Ben & Jerry’s is promising to improve the pay and working conditions of the dairy farmers who provide milk to the Vermont-based company — but it comes more than two years after they initially expressed interest in doing so.
The ice cream makers and the Migrant Justice Group announced on Tuesday that they had signed an agreement in support of the new Milk With Dignity Program, a worker-driven initiative to bring together farmworkers, farmers and dairy buyers to ensure just and dignified working conditions in Ben & Jerry's dairy supply chain, according to a press release.
The agreement comes several months after dairy workers and activists marched to the Ben & Jerry's factory in Waterbury, Vt. to protest what they say were "slow negotiations" in reaching the Milk With Dignity deal, and more than two years since the company initially agreed to implement the campaign.
According to the Will Lambeck of Migrant Justice, Ben & Jerry's had first committed to work with Migrant Justice in 2015 to implement changes to their supply chain, but had not not actually implemented any of the programs as of the April 2017
“In 2015, the commitment that was signed [between Ben & Jerry’s and Migrant Justice] was a commitment to work with Migrant Justice to implement that program in their supply chain, and that’s what they’ve yet to do,” said Will Lambek of Migrant Justice in an April 2015 statement to Huffington Post.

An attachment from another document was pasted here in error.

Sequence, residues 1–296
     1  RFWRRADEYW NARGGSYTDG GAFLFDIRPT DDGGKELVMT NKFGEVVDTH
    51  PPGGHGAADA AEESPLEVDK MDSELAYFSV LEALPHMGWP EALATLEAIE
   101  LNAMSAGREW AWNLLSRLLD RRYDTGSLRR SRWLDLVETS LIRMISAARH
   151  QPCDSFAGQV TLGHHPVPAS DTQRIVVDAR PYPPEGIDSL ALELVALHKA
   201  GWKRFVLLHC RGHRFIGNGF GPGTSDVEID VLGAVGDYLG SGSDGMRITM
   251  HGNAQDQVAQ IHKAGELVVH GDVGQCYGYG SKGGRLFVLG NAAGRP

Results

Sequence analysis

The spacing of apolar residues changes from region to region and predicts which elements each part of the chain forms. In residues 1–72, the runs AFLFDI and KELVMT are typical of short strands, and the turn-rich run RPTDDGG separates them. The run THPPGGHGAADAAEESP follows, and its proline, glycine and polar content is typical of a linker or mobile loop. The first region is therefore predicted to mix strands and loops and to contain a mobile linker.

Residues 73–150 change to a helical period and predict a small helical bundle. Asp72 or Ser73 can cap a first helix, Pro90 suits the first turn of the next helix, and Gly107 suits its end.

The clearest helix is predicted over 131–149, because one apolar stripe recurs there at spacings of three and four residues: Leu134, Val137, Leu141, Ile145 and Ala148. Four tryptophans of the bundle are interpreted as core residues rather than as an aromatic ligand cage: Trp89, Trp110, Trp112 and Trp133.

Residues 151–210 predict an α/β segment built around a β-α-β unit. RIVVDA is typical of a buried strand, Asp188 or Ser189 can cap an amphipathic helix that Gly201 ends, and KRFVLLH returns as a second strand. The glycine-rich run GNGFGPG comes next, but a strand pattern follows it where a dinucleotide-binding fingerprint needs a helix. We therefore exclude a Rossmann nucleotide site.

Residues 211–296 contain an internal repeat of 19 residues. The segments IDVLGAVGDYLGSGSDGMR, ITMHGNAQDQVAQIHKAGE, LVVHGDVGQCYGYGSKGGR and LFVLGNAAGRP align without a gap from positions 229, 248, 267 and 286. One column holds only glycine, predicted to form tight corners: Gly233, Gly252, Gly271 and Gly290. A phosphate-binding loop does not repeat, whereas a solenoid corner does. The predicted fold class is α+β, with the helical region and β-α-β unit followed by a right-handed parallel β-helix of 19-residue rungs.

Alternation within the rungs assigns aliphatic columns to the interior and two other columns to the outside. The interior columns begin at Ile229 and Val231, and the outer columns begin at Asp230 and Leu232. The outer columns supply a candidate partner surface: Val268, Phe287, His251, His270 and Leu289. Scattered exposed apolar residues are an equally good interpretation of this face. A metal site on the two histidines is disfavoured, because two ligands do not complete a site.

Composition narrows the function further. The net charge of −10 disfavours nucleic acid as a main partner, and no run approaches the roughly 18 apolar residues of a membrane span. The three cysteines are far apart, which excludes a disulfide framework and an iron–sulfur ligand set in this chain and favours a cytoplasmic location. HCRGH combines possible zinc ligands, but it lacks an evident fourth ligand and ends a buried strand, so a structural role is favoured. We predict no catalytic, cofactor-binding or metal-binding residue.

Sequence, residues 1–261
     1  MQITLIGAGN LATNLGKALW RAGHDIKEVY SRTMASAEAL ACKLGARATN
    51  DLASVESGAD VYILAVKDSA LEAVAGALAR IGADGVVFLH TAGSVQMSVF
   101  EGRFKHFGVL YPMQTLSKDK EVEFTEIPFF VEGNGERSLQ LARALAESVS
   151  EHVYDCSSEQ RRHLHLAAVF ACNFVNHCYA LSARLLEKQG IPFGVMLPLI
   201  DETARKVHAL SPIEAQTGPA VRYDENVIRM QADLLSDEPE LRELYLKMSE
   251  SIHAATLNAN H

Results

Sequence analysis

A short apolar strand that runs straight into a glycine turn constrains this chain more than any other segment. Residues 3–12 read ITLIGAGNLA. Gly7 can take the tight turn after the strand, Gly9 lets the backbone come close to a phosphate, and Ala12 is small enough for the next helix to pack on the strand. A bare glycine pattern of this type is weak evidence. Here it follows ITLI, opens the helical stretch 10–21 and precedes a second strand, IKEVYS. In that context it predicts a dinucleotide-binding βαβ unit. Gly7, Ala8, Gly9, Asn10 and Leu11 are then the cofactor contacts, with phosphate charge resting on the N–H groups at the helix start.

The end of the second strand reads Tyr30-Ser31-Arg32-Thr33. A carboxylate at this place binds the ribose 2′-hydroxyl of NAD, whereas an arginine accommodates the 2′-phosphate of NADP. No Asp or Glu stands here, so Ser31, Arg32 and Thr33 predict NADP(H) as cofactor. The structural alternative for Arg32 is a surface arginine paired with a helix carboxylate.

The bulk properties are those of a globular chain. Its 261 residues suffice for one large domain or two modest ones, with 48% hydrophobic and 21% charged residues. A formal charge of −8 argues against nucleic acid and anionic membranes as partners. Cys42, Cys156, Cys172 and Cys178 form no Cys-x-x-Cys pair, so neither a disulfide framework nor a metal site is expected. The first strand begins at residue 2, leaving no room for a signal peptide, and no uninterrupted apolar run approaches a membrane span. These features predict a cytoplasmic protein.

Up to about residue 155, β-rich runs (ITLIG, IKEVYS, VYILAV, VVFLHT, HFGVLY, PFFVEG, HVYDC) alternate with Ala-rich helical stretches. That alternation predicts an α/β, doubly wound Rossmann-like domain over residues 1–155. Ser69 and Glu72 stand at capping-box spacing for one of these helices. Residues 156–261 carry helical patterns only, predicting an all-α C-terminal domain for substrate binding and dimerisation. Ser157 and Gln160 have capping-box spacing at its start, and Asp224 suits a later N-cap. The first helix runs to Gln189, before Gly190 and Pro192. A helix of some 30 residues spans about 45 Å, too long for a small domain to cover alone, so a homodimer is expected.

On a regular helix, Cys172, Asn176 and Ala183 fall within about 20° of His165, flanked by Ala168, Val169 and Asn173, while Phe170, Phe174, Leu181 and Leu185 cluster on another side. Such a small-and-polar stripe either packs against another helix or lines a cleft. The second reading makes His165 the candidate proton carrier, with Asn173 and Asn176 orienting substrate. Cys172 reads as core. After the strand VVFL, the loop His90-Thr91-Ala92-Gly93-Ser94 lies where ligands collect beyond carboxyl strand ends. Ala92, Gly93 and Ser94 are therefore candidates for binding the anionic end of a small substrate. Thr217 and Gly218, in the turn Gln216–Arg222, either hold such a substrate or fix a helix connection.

A 2014 survey of about 170 dairy workers in Vt., many of whom tend to be undocumented migrants, found 40 percent didn't get a day off and 40 percent weren't paid a minimum wage. They often worked grueling schedules that didn’t allow for more than a few hours of sleep at a time and were living in substandard housing.
The new agreement, however, requires Ben & Jerry’s to acquire its milk from farms that adhere to the standards of the Milk With Dignity program, which ensures workers are paid at least $10 an hour, Vermont’s minimum wage. Workers will also be guaranteed one day off a week, at least eight consecutive hours of rest between shifts and housing accommodations that include a bed and access to electricity and clean running water, New York Times reports.
"It's an agreement that puts the worker in charge of workers' rights," he said. "It's a worker-led movement, but it's a very clever system. It's a system that really does create a win, win, win," said Jostein Solheim, Ben & Jerry’s CEO.
The workers, who will be informed of their rights, will help uphold the program. They are encouraged to report any violations to a 24-hour hotline, according to the Times.
But while Ben & Jerry’s has committed to sourcing 100 percent of its dairy ingredients through this program “over a period of years,” it won’t affect the purchase price of the final product. Stolheim said the extra money paid to farmers would not result in more expensive ice cream and the company will absorb the cost as a part of doing business.
Associated Press contributed to this article